Cyprus Editorial: Who inspects the inspectors?

04 April, 2018 | Posted By: Financial Mirror

During the public consultation session this week, the first of its kind for the trans-continental EuroAsia Interconnector project, an official from the Environment Department said that it was imperative that the operator of the cable project hire the services of an independent consultant to oversee the work of the contractors.

As this is a European Union-approved project monitored by inspectors from Brussels throughout its duration, there is no doubt that this recommendation, as well as other measures will be adhered to fully, including health and safety, investing in local communities and transparency throughout, unless national security issues prevent it.

As commendable as the suggestion may be, it is a shame that this modus operandi does not seem to apply to the rest of the island and all other public and private projects. The recent gaffe of the Spilies (Caves) area development near Peyia and Coral Bay being a case in point.

The problem there is that no one was on hand to inspect the site of a private project that borders onto (or overlaps) a public area. And this may even have been considered unnecessary as the site plans show otherwise. In fact, according to the (outdated) plans and surveys, the seashore is supposed to be where it was some 20 years ago, prior to natural erosion in the absence of protective breakwaters. And the same applies to the public beach ‘cleaning’ campaigns undertaken by private developers or some municipalities, in their effort offer what they think is a better beach, not realising that they have destroyed the natural form of the seashore for ever.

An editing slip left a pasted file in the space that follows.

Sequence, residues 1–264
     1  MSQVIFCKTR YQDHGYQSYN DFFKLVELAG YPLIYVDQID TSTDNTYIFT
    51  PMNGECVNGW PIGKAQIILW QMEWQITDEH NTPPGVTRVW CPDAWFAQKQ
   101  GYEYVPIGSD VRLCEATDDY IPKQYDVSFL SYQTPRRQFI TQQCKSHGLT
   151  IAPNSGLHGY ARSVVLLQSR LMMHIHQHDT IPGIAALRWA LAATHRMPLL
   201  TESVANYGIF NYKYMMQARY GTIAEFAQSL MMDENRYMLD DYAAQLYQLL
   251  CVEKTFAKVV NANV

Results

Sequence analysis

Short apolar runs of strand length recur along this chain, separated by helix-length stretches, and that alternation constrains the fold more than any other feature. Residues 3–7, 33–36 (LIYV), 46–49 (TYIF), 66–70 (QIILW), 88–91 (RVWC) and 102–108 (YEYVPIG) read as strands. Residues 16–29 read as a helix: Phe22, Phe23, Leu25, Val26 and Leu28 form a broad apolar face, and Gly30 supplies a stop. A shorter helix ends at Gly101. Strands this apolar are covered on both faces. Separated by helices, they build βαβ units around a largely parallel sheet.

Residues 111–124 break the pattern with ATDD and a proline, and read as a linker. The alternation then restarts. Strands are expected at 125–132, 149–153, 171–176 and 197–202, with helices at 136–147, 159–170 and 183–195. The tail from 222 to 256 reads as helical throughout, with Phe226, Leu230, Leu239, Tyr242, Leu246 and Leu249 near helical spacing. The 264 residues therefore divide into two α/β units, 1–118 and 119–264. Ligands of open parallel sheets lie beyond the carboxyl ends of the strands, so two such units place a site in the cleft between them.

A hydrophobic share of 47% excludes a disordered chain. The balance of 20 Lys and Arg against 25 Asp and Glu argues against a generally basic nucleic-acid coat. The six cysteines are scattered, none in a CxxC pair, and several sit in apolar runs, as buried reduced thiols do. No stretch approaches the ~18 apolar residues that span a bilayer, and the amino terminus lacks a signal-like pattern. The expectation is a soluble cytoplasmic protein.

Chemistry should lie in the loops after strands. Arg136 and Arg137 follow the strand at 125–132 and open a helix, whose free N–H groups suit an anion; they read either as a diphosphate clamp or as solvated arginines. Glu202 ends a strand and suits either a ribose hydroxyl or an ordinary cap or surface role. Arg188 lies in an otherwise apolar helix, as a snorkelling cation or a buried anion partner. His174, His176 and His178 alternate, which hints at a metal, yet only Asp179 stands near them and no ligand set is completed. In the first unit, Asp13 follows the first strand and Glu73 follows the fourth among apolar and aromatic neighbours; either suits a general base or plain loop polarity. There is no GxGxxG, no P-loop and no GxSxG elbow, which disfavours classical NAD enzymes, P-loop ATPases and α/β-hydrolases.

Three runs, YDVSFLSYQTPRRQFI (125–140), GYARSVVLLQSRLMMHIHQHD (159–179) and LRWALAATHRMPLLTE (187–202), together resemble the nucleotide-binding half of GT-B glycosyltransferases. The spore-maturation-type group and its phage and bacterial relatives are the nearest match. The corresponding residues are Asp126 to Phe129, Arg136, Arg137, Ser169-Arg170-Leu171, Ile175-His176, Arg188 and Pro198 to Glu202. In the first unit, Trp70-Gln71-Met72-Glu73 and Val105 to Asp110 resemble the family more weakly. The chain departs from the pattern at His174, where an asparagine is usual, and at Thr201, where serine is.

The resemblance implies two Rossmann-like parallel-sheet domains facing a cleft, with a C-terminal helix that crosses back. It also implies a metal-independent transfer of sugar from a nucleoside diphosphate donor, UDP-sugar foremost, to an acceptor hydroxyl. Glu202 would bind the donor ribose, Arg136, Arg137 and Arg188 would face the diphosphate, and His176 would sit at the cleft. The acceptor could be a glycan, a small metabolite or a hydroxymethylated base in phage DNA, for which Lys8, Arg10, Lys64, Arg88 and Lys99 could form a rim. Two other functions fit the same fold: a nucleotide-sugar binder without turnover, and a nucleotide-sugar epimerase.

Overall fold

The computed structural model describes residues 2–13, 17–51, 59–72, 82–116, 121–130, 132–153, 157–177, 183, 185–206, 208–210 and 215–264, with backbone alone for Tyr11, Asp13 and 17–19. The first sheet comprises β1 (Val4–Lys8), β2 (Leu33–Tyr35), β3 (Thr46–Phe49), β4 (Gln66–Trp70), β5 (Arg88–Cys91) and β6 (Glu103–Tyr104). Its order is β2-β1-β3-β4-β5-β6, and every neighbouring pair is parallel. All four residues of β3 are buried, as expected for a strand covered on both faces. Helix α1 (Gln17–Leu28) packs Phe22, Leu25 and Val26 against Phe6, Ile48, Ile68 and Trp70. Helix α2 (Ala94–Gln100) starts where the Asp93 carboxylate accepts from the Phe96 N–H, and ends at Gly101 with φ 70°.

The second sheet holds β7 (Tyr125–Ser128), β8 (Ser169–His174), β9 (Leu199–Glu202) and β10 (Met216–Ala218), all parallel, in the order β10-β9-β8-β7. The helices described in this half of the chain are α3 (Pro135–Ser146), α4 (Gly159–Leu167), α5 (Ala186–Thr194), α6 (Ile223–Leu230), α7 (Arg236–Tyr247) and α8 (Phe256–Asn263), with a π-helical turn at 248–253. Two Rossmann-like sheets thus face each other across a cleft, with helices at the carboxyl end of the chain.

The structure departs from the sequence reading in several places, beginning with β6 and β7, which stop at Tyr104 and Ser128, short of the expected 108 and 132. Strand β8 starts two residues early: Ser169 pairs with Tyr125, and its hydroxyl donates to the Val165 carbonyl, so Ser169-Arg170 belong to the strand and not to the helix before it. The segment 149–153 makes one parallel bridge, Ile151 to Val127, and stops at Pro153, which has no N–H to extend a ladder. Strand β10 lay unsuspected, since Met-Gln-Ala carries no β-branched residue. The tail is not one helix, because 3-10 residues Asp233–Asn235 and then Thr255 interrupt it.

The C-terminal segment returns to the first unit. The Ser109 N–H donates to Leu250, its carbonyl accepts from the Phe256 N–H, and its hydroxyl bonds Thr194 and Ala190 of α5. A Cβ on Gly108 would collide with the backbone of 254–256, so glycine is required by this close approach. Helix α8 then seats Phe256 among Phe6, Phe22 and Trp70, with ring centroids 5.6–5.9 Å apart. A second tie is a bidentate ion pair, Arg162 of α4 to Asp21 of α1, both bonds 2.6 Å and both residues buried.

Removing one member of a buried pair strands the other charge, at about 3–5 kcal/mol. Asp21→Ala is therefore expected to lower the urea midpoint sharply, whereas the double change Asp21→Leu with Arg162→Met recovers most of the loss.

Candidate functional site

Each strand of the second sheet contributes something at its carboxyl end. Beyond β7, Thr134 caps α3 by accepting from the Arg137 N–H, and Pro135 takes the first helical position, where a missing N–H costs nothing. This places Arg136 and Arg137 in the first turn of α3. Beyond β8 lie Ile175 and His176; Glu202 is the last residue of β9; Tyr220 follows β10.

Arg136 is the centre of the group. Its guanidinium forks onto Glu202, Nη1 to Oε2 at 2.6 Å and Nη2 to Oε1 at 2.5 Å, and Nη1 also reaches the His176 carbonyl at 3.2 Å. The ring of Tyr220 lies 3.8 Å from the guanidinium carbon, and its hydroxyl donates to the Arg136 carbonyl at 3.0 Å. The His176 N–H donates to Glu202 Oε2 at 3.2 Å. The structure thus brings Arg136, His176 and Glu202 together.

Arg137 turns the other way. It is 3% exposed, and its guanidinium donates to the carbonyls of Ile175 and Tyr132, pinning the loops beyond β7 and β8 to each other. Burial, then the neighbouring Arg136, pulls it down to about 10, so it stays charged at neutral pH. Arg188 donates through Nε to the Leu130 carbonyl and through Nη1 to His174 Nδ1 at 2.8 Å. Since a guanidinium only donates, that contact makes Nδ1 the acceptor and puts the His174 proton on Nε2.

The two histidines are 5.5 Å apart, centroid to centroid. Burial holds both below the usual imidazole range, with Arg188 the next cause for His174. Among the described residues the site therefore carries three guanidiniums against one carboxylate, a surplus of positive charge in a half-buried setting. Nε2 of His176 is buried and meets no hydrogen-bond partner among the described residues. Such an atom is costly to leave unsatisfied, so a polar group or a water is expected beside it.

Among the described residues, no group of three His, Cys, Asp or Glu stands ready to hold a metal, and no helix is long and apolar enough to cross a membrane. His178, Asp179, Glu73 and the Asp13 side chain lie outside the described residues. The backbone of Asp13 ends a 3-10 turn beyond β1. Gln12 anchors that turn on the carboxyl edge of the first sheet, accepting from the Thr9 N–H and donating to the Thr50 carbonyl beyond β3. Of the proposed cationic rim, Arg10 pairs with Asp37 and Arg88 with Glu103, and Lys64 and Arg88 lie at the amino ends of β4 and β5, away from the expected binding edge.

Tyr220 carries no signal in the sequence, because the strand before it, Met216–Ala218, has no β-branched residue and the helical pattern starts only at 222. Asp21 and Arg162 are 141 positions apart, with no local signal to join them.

Then again, nobody seems to care, as long as the municipality can collect hundreds of thousands of euros in bed and umbrella rentals, while relatives of local community members can fleece the unknowing public and foreign tourists very often charging an arm and a leg for beach side facilities, some rusty, some warm beverages and most of the time below standard.

The same could also be said for the absence of archaeologists from the deep excavation sites of multi-storey towers, where for sure some artefacts have been found, but because some developers have friends in high places, these are covered up and never reported, although it could very well be public knowledge.

What needs to be done is to properly and accurately conduct a full digital and up-to-date survey of the entire island, especially now that highly sensitive and satellite-accurate systems can record images, down to a fraction of a centimetre. If this is not done, then there is no point in arguing about comparing ‘before and after’ scenarios where the environment is disturbed, or even watching the decay of beaches and beauty spots due to natural erosion. Had this been done, then surveyors (and politicians alike) would have had a clearer and more accurate picture of what is happening, where and what the outcome will be.